Ken Mandel
Jun 30, 2017

When Amazon eats, others starve

Ken Mandel of Publicis Media analyses Amazon's latest moves, and what they mean for marketers and agencies.

Ken Mandel
Ken Mandel

Marc Andreessen, the founder of Netscape, coined the phrase “software is eating the world”. If software is eating the world, then ecommerce is eating traditional retail for breakfast, lunch and dinner.

While this devastation of traditional retail has been going on for some time now, it seems to have hit a climactic juncture in the last couple of weeks with Amazon swallowing Whole Foods whole, and now Nike bowing down to Amazon and finally agreeing to sell its wares on the platform. Much has been said about this being a strategic move in the fight against counterfeit goods and greater brand control, but the reality is that even the mighty Nike is no match for the fact that e-retailers are not only eating traditional retail, but are also starting to snack on the web traffic of mighty mono brand sites like Goldman Sachs estimates Nike could earn up to US$500 million more in the US alone. 

While Amazon is merely a proxy for the bigger macro trend of ecommerce, which in APAC includes another massively influential player, Alibaba, it is still quite fascinating to tally up a few of Amazon’s latest moves, which are powering its share price to new highs.

Amazon’s Alexa and its downstream product line of echos, taps, dots, shows, looks and dashes demonstrates just how omnipresent they want to be in your life. When you start calculating the consumer data capturing capabilities of these devices and think about how Amazon could use this data to seamlessly entice you to buy even more stuff (willingly, I might add), you start to see why a certain prescience global ad industry chief is already starting to crow about the data dangers and competitive advantage Amazon will have, and he isn’t wrong to do so. Very recently, I myself saw a jaw dropping demo that inputted my Alexa data directly into a CRM platform that could then trigger purchase behaviours in key retail locations. And no, I am not sharing the name of this company here.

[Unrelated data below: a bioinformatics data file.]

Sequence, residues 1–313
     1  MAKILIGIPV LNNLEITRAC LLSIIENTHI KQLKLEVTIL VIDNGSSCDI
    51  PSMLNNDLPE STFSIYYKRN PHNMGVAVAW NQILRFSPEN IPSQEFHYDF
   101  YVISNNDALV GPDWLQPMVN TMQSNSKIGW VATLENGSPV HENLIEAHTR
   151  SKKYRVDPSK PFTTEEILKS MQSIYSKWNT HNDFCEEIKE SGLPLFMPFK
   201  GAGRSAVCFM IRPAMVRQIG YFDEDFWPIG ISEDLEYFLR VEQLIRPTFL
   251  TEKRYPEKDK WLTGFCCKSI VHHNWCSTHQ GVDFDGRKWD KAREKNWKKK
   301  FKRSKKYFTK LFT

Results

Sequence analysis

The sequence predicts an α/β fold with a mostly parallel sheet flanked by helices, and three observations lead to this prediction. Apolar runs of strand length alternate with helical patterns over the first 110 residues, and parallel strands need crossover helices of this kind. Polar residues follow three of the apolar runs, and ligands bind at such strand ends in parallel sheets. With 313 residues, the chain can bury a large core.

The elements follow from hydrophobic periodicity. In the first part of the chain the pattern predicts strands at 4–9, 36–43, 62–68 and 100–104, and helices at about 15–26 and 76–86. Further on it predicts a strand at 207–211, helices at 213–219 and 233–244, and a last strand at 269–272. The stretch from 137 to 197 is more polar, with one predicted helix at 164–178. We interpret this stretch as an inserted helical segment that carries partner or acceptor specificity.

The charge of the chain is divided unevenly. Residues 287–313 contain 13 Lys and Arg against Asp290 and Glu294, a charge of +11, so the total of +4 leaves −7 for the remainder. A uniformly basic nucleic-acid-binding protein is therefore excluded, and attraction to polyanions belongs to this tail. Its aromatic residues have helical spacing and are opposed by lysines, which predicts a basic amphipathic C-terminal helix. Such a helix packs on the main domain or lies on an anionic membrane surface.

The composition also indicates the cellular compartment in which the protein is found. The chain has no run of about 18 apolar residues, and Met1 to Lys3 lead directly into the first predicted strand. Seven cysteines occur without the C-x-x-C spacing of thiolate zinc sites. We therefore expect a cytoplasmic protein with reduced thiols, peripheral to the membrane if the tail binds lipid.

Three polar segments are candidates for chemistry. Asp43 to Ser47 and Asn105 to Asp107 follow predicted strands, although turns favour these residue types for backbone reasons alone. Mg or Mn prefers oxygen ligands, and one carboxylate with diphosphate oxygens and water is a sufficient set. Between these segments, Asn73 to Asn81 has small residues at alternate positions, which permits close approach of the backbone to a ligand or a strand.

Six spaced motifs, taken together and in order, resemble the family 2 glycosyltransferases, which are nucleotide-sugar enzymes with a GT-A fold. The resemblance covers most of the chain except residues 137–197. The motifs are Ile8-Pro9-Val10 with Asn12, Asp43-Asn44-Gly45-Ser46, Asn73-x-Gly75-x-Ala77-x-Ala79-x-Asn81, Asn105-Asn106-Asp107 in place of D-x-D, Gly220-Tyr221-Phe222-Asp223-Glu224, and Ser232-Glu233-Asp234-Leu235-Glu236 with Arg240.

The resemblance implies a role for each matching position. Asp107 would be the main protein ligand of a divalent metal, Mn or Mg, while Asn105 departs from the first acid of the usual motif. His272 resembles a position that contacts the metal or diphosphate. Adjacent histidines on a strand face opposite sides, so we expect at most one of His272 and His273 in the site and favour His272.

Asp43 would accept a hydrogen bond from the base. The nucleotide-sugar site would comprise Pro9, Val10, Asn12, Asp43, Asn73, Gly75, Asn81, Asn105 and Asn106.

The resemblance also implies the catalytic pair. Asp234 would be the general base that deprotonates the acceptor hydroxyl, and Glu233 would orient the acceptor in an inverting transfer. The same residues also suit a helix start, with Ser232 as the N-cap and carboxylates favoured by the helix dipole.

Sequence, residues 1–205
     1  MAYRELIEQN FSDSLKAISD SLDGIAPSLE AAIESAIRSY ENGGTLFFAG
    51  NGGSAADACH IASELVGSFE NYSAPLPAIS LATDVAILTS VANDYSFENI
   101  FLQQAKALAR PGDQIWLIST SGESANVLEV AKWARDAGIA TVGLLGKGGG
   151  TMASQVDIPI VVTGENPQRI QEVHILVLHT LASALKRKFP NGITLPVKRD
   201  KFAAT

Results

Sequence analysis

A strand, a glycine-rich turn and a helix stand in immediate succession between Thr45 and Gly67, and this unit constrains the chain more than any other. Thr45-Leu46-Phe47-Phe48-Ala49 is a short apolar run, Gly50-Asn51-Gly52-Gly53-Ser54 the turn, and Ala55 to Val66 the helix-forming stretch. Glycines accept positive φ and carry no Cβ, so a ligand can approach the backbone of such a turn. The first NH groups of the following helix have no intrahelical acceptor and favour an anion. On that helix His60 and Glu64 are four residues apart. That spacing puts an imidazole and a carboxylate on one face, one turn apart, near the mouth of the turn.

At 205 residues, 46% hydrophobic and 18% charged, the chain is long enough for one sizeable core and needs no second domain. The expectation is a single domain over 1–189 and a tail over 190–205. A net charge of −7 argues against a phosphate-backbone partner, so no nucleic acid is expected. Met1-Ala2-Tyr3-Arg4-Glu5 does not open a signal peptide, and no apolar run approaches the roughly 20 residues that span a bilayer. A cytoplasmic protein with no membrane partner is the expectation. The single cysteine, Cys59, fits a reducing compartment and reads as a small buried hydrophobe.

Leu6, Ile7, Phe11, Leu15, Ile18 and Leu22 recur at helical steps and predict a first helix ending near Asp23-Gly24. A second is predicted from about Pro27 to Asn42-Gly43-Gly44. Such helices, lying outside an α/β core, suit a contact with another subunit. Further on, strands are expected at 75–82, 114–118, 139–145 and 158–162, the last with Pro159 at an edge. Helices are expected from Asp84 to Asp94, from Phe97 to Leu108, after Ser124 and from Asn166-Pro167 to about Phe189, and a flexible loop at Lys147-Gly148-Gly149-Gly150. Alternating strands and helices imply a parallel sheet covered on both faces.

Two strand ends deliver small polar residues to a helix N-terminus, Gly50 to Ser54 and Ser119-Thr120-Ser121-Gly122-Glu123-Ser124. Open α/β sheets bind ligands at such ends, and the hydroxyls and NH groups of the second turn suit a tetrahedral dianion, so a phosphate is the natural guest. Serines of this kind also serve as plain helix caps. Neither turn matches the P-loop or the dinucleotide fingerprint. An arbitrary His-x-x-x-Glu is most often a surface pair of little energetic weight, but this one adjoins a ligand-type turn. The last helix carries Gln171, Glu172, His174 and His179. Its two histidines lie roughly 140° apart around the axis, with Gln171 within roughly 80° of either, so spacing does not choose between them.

When you combine Alexa with Amazon’s other recent efforts like Amazon Prime Wardrobe, which pretty much takes all the friction out of buying fashion online. Add this on to the slightly scary notion of a fully machine-operated apparel factory that produces clothing “on demand” just like Dell's pioneering build to order (BTO) model for PCs. See the patent drawing below:

Then combine this BTO wizardry with Amazon's recently created eight Private Label fashion brands, and it then becomes clearer why Amazon can impact the stock prices of entire industry sectors—the Whole Foods deal alone wiped out about US40 billion dollars in the grocery sector.

My next thought will be about the impact they could have on the marketing and advertising sector graph. It is becoming apparent that Amazon, Alibaba, and other online retailers are the publishers of the future and should feature more on media plans—it is high time for marketers to start having conversations with their agency partners and commerce specialists, if they haven't already. Smart traditional retailers, such as Walmart with its acquisition of, are similarly embracing ecommerce as they evolve for the future.

Ken Mandel is president of innovation and commerce with Publicis Media APAC

Related Articles

Just Published

5 hours ago

Red Havas announces major restructure

Red Havas has merged its health agencies in Europe and the US with individual health comms professionals across the Asia Pacific region to create the single unified brand Red Havas Health, it announced today.

5 hours ago

Does ‘brand purpose’ messaging actually impact ...

A recent study by Vrity shows taking stances on social issues does increase purchase propensity.

5 hours ago

Disney beefs up ad sales technology

Walt Disney Co. announced a suite of new products and a plan to rapidly automate its ad sales business across linear and digital platforms.

5 hours ago

MDC’s Mark Penn: “CMOs are in ‘get back to ...

The holding company reported a roughly 14% organic revenue drop in 2020, but says things are turning a corner from the worst of the pandemic.